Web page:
With the view that no human is illegal and when social solidarity and acceptance are more pertinent than ever, Glasgow has opened its doors to a brand-new permanent display that gives voice to people who formerly sought refuge and who were once asylum seekers.
In honour of Refugee Festival Scotland, St Mungo Museum of Religious Life and Art has become home to New Scots, a powerful display featuring objects that spotlight the stories of former refugees and asylum seekers in Glasgow.
The display grew from a year-long community engagement project between 30 people, all of whom are members of Glasgow’s diverse community of refugees and asylum seekers who have called Scotland’s largest city home for the past two decades.
Chosen from the Glasgow Museums Collections or donated by people who know first-hand what it’s like to be uprooted from their lives, suffer displacement and forced to seek refuge, the series of objects will live in the museum’s Scottish Gallery and illustrate pressing issues like cultural identity and the true meaning of ‘home’.
Chair of Glasgow Life, Councillor David McDonald said, ‘The diversity of communities throughout Glasgow is one of the city’s greatest strengths. Our daily lives are enriched with the influence of the myriad of traditions and cultures.’
He added: ‘Through this display, we can share and learn from the stories of refugees and asylum seekers whose personal journeys have brought them to make their homes in Glasgow. This is both humbling and inspiring, for all of us who call Glasgow home, and for visitors who will be able to understand better the fabric of Glasgow thanks to the New Scots.’
One of the New Scots highlights chosen from the Glasgow Museums Collections by two Syrian teenagers is a print of a painting called Peace by leading Scottish artist Ken Currie. When asked about the personal connection with the painting, Jalal and Yazan said, ‘We saw this painting in the museum stores and like the mix of all the different people working together. They are working hard and trying to build their city and doing what they know best.’ The teens went on to state that ‘this reminds us of what is going on in Syria. The banner that says “jobs not bombs”.’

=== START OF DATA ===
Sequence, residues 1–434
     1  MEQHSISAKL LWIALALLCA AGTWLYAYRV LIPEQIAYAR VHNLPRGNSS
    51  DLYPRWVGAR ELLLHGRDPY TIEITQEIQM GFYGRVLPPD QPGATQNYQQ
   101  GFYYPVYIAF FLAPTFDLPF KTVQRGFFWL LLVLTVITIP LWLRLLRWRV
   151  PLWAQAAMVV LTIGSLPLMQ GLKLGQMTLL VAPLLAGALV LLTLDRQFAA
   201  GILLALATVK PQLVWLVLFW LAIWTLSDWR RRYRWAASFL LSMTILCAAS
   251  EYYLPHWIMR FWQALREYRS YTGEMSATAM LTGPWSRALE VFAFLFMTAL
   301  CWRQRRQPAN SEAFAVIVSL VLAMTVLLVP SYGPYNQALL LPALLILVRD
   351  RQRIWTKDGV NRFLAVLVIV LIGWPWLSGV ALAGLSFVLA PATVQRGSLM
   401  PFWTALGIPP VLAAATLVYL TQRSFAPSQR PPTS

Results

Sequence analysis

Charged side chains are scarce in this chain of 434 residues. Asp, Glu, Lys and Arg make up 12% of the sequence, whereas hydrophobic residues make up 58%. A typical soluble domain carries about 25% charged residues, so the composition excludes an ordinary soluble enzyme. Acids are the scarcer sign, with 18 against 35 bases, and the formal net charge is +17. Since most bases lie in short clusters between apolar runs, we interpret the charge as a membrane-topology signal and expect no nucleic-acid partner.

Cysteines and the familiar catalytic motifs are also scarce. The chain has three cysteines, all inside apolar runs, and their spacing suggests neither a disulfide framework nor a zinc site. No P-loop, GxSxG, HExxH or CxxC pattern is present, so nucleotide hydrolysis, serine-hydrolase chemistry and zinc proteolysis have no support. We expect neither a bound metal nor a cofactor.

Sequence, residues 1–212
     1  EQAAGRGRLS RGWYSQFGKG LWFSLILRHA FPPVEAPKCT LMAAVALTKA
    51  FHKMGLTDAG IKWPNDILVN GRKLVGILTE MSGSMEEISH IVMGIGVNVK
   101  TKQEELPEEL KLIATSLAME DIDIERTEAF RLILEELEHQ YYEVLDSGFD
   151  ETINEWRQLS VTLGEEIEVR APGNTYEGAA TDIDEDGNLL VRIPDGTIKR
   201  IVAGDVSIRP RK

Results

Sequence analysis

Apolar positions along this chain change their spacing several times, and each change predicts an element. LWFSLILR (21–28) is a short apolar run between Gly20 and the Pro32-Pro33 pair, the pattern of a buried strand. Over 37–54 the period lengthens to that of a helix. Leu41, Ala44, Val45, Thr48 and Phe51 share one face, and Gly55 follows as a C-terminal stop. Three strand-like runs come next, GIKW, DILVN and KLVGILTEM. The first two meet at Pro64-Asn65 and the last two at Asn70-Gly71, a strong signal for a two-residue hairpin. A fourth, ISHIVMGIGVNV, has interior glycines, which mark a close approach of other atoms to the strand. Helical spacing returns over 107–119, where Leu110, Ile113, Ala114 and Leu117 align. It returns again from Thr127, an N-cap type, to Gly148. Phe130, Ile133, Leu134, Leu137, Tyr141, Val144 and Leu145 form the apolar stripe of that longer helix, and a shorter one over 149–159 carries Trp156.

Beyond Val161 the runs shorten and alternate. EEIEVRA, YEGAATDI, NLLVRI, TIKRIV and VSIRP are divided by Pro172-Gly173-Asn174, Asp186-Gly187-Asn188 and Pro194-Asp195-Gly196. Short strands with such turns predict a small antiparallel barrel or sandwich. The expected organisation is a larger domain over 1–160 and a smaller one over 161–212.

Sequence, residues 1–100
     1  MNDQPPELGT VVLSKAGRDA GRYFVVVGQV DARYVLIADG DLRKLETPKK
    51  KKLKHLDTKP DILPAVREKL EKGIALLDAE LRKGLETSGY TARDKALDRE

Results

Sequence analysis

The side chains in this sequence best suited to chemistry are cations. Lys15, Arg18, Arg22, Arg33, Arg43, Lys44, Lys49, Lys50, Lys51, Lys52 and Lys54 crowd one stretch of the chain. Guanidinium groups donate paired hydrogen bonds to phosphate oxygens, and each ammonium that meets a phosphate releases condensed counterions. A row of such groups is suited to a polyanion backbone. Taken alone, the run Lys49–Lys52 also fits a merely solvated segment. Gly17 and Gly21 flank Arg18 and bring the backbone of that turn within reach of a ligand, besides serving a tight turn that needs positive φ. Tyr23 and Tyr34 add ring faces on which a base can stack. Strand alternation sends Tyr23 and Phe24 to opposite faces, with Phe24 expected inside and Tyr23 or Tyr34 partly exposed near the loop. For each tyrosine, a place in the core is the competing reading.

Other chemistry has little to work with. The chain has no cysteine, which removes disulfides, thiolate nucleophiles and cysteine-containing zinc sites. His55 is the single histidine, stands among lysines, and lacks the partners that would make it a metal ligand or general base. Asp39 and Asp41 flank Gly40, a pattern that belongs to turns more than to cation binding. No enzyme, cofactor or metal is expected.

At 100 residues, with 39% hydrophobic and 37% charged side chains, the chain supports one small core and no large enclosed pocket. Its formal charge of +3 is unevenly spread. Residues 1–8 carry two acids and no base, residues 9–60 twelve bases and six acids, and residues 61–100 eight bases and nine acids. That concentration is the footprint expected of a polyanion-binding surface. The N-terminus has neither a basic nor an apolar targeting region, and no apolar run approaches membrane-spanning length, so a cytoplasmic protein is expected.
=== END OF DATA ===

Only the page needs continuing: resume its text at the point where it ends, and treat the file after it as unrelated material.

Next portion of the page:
Alongside an accompanying film, other selected objects include a North African Darbukka or hand drum and qabqab stilted bath clogs from the former Ottoman empire dating back to the 19th century.
Some of the donated objects are an ornate lace table mat and a decorative sugar dish, both of which come from Kosova but with their own narratives to tell. The latter belongs to a woman named Reema from Kosova who explained that ‘this is the first object I bought when I got my first wage when I started working in 1973. I really loved ornaments. It is handmade with the traditional filigree-making skills of the Kosovar Albanians.’
Sabir Zazai, chief executive of the Scottish Refugee Council, said, ‘The story of people seeking refugee protection and rebuilding their lives in a place of safety is part of the story of Glasgow itself. This exhibition gives old and New Scots a chance to learn a little more about each other in a very personal and powerful way.
‘Just like Refugee Festival Scotland, it gives people from different backgrounds the chance to get to know each other better, to find out a little about each other’s cultures and to discover the things we have in common.’
For two weeks every year, Refugee Festival Scotland unites communities to celebrate the vibrancy and diversity that refugees bring to Scotland. From Congolese poetry and music to Syrian food, the festival embraces people from all walks of life and provides exposure to a wealth of wonderful cultures. Indeed, the 2018 iteration featured over 30 refugee community groups.